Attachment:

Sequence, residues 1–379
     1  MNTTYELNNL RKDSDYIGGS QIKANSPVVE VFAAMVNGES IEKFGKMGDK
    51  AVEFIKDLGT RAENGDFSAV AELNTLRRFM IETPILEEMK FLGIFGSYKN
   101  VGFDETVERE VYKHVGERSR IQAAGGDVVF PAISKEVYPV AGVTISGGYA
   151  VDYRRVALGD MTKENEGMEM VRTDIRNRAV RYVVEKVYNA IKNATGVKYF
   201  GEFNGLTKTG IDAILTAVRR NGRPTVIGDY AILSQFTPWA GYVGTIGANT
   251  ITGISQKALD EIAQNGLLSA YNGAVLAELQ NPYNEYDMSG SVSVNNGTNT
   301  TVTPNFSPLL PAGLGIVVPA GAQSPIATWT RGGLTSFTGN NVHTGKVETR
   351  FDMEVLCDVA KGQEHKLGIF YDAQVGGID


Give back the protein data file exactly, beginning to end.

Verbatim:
Sequence, residues 1–379
     1  MNTTYELNNL RKDSDYIGGS QIKANSPVVE VFAAMVNGES IEKFGKMGDK
    51  AVEFIKDLGT RAENGDFSAV AELNTLRRFM IETPILEEMK FLGIFGSYKN
   101  VGFDETVERE VYKHVGERSR IQAAGGDVVF PAISKEVYPV AGVTISGGYA
   151  VDYRRVALGD MTKENEGMEM VRTDIRNRAV RYVVEKVYNA IKNATGVKYF
   201  GEFNGLTKTG IDAILTAVRR NGRPTVIGDY AILSQFTPWA GYVGTIGANT
   251  ITGISQKALD EIAQNGLLSA YNGAVLAELQ NPYNEYDMSG SVSVNNGTNT
   301  TVTPNFSPLL PAGLGIVVPA GAQSPIATWT RGGLTSFTGN NVHTGKVETR
   351  FDMEVLCDVA KGQEHKLGIF YDAQVGGID